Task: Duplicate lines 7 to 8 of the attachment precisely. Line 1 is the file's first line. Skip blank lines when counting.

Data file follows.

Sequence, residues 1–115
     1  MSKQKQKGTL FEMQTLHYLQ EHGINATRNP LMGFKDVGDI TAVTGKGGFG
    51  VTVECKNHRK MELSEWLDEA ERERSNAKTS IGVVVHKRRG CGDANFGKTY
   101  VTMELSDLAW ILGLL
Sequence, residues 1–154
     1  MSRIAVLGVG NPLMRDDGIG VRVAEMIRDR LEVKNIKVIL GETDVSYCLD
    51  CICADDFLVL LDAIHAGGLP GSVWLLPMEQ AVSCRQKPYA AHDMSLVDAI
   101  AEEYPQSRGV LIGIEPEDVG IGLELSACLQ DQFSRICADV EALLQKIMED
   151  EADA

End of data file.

    51  CICADDFLVL LDAIHAGGLP GSVWLLPMEQ AVSCRQKPYA AHDMSLVDAI
   101  AEEYPQSRGV LIGIEPEDVG IGLELSACLQ DQFSRICADV EALLQKIMED